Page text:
The animals themselves seem to be warning us. A fly avoids a fly swatter. You have to sneak up on the fly because it clearly does not want to die. A spider jumps away from the swipe of a hand. A cow fights and tries to flee just as a human would when it smells the blood and gore of the slaughterhouse and senses imminent doom.

To put it plainly, there is no merciful way to murder something that chooses NOT to die.

Of all creatures on Earth, only humans are burdened with the responsibility of choosing and living with their actions. Interesting.

So that is how my vegan journey began.

I have since traded my Faith for Reason and Logic but the conclusion on being vegan is the same. I remain vegan for one simple reason: I have not come across a good enough reason not to be. No one has yet presented a single valid, logical argument for murder or eating dead things.

There is no vitamin, mineral, or nutrient that comes from other animals that I can not find from plants, fruits, vegetables, legumes, or other plant-based sources (even B12–the toughest of the vegan vitamins to obtain, I can easily get without killing animals). There are not too many animals on the planet. We do not need to “cull the herd” (but we do need to cull the factory farming of herds). There is no environmental reason to support a carnivorous diet. There is just no reason to avoid being vegan.

Think about this. We humans are burdened with the responsibility of being kings and keepers of the Animal Kingdom, whether we like it or not. To say we are at the top of the food chain is an understatement. We have removed ourselves from the food chain. We have no predators. We do not live in fear of being hunted and eaten. This also means, however, we are the default stewards for the safekeeping of this planet. Because we are the only ones with choice, we are also the only ones with responsibility for our choices. We are the kings of the world.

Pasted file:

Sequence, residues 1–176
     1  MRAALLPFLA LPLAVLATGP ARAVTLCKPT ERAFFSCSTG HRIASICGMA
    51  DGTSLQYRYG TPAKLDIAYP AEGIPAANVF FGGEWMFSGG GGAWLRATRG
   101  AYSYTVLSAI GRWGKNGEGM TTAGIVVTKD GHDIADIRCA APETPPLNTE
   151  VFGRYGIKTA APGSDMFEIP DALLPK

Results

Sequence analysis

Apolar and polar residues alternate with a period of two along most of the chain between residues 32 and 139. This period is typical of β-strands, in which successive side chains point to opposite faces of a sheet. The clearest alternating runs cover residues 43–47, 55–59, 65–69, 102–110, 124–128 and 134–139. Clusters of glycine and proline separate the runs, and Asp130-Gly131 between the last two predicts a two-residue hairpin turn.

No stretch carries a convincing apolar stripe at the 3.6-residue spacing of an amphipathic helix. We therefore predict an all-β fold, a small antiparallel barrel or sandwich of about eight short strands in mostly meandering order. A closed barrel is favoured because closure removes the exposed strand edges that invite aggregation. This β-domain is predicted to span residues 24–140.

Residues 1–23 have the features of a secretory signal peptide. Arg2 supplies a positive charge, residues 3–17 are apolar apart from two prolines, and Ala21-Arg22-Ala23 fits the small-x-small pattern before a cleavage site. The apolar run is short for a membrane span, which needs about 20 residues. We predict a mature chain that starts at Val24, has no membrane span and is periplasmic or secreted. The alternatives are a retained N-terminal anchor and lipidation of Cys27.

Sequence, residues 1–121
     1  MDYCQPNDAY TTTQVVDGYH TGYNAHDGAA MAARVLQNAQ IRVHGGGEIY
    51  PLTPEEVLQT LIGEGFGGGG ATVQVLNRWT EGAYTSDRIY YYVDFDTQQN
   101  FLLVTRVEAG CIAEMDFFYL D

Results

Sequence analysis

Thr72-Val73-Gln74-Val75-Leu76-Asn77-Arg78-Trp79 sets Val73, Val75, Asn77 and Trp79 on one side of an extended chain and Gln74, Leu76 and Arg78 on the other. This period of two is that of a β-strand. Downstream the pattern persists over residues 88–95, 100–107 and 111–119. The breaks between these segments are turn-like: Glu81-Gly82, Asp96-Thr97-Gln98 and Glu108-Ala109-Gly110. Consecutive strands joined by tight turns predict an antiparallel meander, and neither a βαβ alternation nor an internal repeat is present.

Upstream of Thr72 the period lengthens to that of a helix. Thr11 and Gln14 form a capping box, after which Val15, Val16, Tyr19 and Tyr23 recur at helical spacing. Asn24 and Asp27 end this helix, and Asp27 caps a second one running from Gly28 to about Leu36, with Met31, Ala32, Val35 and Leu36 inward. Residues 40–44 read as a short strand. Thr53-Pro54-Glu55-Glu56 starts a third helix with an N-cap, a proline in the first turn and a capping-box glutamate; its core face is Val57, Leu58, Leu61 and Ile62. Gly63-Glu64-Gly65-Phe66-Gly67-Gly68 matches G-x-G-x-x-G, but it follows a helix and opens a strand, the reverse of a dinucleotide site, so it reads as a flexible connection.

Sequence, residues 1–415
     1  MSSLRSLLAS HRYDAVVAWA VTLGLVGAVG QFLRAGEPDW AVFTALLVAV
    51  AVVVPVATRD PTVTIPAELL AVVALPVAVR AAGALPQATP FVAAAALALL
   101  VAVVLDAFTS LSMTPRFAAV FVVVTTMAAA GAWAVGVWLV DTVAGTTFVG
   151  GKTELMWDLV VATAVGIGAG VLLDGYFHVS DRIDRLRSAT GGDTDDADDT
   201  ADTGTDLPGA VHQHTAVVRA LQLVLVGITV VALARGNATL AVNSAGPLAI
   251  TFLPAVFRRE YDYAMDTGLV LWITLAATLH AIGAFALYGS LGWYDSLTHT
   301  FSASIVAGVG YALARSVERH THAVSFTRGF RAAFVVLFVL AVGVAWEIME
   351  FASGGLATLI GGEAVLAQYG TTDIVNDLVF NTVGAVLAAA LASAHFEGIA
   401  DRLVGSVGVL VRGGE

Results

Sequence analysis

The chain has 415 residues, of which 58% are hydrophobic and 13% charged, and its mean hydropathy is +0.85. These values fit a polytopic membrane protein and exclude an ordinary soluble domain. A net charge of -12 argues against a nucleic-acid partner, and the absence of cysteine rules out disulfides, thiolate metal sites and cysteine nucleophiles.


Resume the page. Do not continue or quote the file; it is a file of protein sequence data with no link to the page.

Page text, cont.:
What kind of kings should we be, then? Benevolent and kind or brutal and merciless? How well has the “brutal and merciless” approach worked for any king so quick to end the lives of his subjects throughout all of history?

Unlike plants, animals have a brain and nervous system; they experience pain and emotions and do not wish to die. It is not the same for plants. They have automated defense systems against pests but their very design is to be food. When you pick an apple from a tree, you do not murder the tree. In fact, the tree is counting on you to help spread its seeds and grow more apple trees. The same is true of nearly all plants and non-animals. Our relationship is symbiotic with them.

Moreover, there are clear health benefits for being vegan, and arguably environmental benefits as well (you can Google those–to keep this post from becoming a book, I will just leave it at that–as always, though, check your sources and only accept actual peer-reviewed literature as worthy to base your opinion on).

The bottom line is, going (or being) vegan is a win-win.

 

If I can choose my diet and be perfectly healthy without killing or causing pain to other animals, then… why wouldn’t I? 

 

P.S. If you want to support or share your vegan superhero origin story with the Vegan Movie people, visit this link.

 

The Truth About Why I Went Vegan

There is a documentary being made about how regular vegans live regular lives and why they decided to stop eating animals and animal products in the first place. I shared my story with them and I thought the vegans (or veg-curious) people I know might like to hear it, too…

*********

I became vegan mainly for religious reasons. I am not religious now but about 20 years ago I remember reading the Ten Commandments and noticing there was no asterisk after the statement, “Thou Shalt Not Kill”.

It got me thinking. Murder is obviously condoned in the Bible (blood of sheep over doors, “an eye for an eye”, Sodom and Gomorrah, etc.) but I noticed it was always done by men and never with God’s explicit instruction. It was always based on hearsay. Somebody said that God said… The only 10 irrefutable rules God provides in the Bible directly are His Commandments (and not for nothing, but He calls them “Commandments”, not “guidelines”, “recommendations”, or “good ideas”).

I could not help but wonder if God intentionally did not have any asterisks there. The First Commandment does not say, “Thou Shalt Not Kill***” with a footnote elsewhere that reads… ***except on burger night or if a fly is really annoying you, or if there is clear DNA evidence to support it. Other restrictions may apply.